Progressive Loss of Myocardial ATP Due to a Loss of Total Purines During the Development of Heart Failure in Dogs
A Compensatory Role for the Parallel Loss of Creatine
Background—Whether myocardial ATP content falls in heart failure is a long-standing and controversial issue. The mechanism(s) to explain any decrease in ATP content during heart failure have not been identified.
Methods and Results—Cardiac dysfunction, heart failure, and a prolonged steady state of heart failure were induced by chronic right ventricular pacing for 1 to 2 weeks, 3 to 4 weeks, and 7 to 9 weeks in dogs. Cardiac function and myocardial O2 consumption (MV̇o2) were measured with the dogs in the conscious state. ATP, total purine, and creatine were measured in biopsy specimens obtained at each stage. ATP and the total purine pool progressively fell at rates of 0.12 and 0.15 nmol · mg protein−1 · d−1, despite an increase in MV̇o2. The rate of loss of creatine was 1.06 nmol · mg protein−1 · d−1, 7 times faster than the depletion of total purine.
Conclusions—(1) ATP contents progressively decreased during heart failure as a result of a loss of the total purine pool. The loss of purines may be due to inhibition of de novo purine synthesis. (2) Loss of creatine is an early marker of heart failure and may serve as a compensatory mechanism minimizing the reduction of the total purine pool in the failing heart.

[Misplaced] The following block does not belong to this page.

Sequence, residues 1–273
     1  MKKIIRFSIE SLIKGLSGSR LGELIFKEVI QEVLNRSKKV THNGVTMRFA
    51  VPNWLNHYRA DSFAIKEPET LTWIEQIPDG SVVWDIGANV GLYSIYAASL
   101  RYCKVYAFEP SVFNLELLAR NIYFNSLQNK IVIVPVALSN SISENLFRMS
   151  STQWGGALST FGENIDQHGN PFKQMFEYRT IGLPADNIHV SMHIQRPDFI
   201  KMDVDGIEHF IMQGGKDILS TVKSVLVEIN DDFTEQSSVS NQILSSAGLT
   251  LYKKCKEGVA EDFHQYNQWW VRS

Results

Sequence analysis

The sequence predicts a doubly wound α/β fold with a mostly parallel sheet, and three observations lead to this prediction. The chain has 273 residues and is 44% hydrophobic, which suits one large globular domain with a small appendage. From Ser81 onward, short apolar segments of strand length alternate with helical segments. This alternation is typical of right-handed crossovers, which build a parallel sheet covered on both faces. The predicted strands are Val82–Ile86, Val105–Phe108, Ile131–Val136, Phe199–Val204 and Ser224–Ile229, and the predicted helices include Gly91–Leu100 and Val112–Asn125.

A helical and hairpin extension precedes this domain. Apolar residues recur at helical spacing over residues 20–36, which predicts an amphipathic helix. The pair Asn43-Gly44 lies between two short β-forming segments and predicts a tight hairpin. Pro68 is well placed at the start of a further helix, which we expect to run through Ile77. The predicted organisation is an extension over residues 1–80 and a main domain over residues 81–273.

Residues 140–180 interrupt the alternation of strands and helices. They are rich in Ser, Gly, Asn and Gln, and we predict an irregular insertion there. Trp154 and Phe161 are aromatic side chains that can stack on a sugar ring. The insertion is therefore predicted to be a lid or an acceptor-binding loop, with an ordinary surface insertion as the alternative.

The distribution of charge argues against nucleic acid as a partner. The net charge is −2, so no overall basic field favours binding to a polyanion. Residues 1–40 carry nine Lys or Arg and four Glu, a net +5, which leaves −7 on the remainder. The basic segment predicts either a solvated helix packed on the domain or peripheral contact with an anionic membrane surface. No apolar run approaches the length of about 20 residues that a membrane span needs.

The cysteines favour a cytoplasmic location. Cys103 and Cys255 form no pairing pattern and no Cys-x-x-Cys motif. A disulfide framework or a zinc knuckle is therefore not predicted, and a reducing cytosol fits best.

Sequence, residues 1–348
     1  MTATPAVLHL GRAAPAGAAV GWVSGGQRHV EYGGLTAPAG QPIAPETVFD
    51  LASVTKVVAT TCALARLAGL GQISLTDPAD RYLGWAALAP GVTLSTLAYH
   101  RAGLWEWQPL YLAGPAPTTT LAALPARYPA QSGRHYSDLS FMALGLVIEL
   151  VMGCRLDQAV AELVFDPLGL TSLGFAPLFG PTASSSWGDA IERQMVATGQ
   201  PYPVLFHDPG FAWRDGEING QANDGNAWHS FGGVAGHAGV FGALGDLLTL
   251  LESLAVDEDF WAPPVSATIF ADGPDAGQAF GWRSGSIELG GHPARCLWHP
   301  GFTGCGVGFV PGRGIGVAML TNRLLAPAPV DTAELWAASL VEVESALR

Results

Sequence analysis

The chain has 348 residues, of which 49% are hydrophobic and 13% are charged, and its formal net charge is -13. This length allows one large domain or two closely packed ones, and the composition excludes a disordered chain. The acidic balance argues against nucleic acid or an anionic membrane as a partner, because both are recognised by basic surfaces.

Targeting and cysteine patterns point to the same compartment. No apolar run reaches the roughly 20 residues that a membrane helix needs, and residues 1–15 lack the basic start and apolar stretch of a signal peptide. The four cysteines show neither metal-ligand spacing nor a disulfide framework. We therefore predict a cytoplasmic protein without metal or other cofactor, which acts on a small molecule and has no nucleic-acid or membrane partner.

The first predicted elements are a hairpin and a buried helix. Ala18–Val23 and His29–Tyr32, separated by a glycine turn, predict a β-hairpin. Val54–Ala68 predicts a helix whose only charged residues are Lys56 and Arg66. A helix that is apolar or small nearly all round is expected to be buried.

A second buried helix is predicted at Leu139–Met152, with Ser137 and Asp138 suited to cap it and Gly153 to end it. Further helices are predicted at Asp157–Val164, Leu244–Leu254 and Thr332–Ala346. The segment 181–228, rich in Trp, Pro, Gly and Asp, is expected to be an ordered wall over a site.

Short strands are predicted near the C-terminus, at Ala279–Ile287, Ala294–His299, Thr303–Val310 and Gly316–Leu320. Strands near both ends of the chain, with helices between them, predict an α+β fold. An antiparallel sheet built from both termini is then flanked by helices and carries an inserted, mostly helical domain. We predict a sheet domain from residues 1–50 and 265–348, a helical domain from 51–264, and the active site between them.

ATP provides energy for contraction. ATP concentration in the normal heart is maintained constant, despite variations in cardiac performance, through balanced changes in the rate of ATP synthesis and utilization. Whether changes in ATP content occur and if so, whether they contribute to heart failure remains controversial. Some studies of failing human hearts have found decreased ATP content correlating with the extent of the impairment in cardiac function,1 while others have reported normal ATP content.2 Conflicting results have also been found from studies in animal models.3 4 5
One explanation for these apparently conflicting results is that the ATP content changes at various stages during the development of heart failure. Because of the difficulties inherent in conducting longitudinal studies of heart failure in both patients and animal models, this has not been tested. The mechanisms explaining the loss of ATP have not been identified.